The Devil Still Has My Lawnmower & Other Tales of the WeirdGiando Sigurani / Science Fiction
The Devil Still Has My Lawnmower
& Other Tales of the Weird
A Short Story Compilation by
Copyright 2012 Giando Sigurani
Cover by Kent Mudle http://www.beretcomic.com
Table of Contents
Title Page and Copyright
The Chicken Nugget of Peace
8-ball & Ouija Board
The Ancient Persian
A Shot in the Dark
A Marriage of Magic and Science
The Devil Still Has My Lawnmower
About the Author
Also by Giando Sigurani
A loving father and good neighbor ventures into the depths of Hell to retrieve his lawnmower from the Devil himself, or else face a fine by the Homeowners Association. A spectacularly boring man finds the secret to universal peace, prosperity, and happiness in his chicken nugget. A frustrated writer launches her manuscript into deep space in a desperate hope of getting published on another world, accidentally causing an interplanetary war in another galaxy.
These are just a few of the funny, tragic, or just plain strange stories in this collection by science fiction mastermind Giando Sigurani.
The complete collection includes:
The Chicken Nugget of Peace: A spectacularly boring man finds the secret to universal peace, prosperity, and happiness in his chicken nugget. Now he has to decide: is he too uninteresting to do anything about it?
The Panel: Hostile aliens have taken over Earth. An emergency panel at the House of Representatives is assembled to address it. Hopefully, they'll actually get something done this time.
8-ball & Ouija Board: By sheer coincidence, a genuinely magical 8-ball and a possessed Ouija board have wound up in the same house and under the same Christmas tree. Now it only remains to be seen whether there is room in this world for both of them.
The Ancient Persian: While cleaning house, a college student finds an old Persian carpet that turns out to be both magic and ill-tempered.
A Shot in the Dark: A frustrated writer launches her manuscript into deep space with the incredibly slim hope of getting published on another world. Unfortunately the aliens that find it take it just a bit too seriously.
Danny Dizzle: A powerful Rudyard Kipling poem about a soldier being hanged... translated into much less powerful Snoop Dogg. (With apologies to Mr. Kipling).
A Marriage of Magic and Science: Aleister Crowley, L. Ron Hubbard and Jack Parsons travel to the middle of a Nevada desert to cast a spell that will end the world. Stop me if you've heard this one.
The Devil Still Has My Lawnmower: Alan is a loving father, good neighbor, and stand-up American citizen, so of course he has no problem loaning his lawnmower to his neighbor. But when it comes time to mow his own lawn, he learns that his neighbor is not who he once believed, and that he must venture into the fiery pits of Hell to get his lawnmower back. Either that, or face a fine by the Homeowners Association.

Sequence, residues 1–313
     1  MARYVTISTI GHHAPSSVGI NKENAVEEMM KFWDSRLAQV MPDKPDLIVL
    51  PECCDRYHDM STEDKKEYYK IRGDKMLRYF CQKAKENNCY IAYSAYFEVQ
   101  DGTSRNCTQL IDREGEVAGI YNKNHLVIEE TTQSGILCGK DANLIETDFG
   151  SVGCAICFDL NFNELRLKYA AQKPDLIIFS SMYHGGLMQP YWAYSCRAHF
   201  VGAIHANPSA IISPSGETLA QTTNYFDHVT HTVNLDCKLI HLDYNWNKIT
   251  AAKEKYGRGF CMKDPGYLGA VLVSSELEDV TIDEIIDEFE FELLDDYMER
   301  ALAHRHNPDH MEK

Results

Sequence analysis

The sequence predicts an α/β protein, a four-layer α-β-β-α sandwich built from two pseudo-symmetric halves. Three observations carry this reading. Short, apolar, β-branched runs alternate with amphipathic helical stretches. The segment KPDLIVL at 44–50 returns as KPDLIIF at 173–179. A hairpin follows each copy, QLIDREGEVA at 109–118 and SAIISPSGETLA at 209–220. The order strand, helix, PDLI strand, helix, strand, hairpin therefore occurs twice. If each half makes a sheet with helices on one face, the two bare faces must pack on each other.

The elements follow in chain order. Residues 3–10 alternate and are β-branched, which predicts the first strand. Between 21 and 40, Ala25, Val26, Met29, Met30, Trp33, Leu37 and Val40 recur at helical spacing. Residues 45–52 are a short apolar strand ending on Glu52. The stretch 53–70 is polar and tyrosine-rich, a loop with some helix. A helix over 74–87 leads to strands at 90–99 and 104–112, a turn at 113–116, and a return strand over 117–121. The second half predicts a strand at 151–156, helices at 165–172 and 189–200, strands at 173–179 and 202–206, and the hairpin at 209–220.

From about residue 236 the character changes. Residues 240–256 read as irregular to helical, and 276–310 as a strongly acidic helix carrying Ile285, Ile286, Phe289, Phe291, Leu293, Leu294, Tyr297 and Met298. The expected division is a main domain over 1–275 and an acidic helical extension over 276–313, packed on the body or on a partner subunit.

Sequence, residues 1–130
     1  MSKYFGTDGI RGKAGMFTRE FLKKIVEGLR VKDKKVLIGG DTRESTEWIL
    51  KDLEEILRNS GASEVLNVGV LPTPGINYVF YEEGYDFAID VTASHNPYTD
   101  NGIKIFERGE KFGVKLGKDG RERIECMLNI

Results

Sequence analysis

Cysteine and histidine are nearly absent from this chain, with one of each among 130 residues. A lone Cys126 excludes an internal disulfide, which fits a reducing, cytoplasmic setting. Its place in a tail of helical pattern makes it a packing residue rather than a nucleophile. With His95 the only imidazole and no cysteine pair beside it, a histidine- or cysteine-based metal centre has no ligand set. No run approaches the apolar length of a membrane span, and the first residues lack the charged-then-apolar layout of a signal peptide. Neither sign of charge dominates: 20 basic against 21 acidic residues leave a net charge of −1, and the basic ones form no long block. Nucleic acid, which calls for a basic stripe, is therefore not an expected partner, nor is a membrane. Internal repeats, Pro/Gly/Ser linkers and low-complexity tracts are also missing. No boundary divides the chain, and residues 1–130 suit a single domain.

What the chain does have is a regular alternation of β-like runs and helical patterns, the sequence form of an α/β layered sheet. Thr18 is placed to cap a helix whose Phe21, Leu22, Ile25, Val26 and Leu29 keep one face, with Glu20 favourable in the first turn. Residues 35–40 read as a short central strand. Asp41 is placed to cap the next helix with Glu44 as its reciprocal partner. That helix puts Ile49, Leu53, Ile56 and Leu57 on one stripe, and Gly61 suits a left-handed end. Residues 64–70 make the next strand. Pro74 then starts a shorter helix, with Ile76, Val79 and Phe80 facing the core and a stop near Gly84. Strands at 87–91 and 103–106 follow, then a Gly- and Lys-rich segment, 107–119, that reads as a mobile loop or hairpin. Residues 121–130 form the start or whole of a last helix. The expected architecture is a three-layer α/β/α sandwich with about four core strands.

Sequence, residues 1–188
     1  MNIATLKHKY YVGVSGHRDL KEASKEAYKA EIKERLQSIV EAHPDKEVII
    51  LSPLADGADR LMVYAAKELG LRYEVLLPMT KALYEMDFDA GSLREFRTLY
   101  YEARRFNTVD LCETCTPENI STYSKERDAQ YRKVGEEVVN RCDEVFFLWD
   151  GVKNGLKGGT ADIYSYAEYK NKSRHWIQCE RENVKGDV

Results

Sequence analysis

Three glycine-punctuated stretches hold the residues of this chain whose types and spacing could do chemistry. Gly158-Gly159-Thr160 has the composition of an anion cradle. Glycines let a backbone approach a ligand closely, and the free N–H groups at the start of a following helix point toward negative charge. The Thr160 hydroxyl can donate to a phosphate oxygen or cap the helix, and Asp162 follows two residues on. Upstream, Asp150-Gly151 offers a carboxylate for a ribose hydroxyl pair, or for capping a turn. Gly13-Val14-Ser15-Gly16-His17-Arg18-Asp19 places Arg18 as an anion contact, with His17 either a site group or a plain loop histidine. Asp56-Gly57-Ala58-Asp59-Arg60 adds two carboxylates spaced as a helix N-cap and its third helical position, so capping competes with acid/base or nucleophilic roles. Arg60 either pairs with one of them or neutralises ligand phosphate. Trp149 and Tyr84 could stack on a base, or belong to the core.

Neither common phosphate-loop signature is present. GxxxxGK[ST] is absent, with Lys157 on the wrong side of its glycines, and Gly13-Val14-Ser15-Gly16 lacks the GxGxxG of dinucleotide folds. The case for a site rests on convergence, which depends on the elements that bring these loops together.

The Chicken Nugget of Peace
George Smith woke up in the usual way, with the sun shining into his eyes from the window next to his bed, and against all reason, he smiled.
He knew what day it was. It was the day he had marked on his calendar two weeks previously, the day he looked forward to every time he threw himself upon the lumpy mattress within his tiny studio apartment to catch a few snatches of sleep before the next shift.
It was a Sunday. It was the only day off he would have from both his jobs for a very long time, and he was going to spend it doing something spiritual.
Not spiritual in the same way most people consider it to be. He would not spend his morning going to church, to be followed by donuts in the lobby and a discussion about the family picnic to be held next week, no doubt the sort of things God wanted of him. No; today, George had a much more important goal. It did not sound as significant or profound to other people as it did to him, but he was not in the least bothered by this. It was significant to him for the very simple reason that he planned for it.
He did so when he noticed that the two jobs he had, the shitty retail one, and the other shitty retail one, had coincidentally given him the same day off– Sunday– which had inspired him to rush off to his little black book and crack it open.
The little black book was nothing special. Within it was a list of things he wanted to accomplish in his lifetime. They were not spectacular achievements: about as exciting as British cricket, as one co-worker had put it.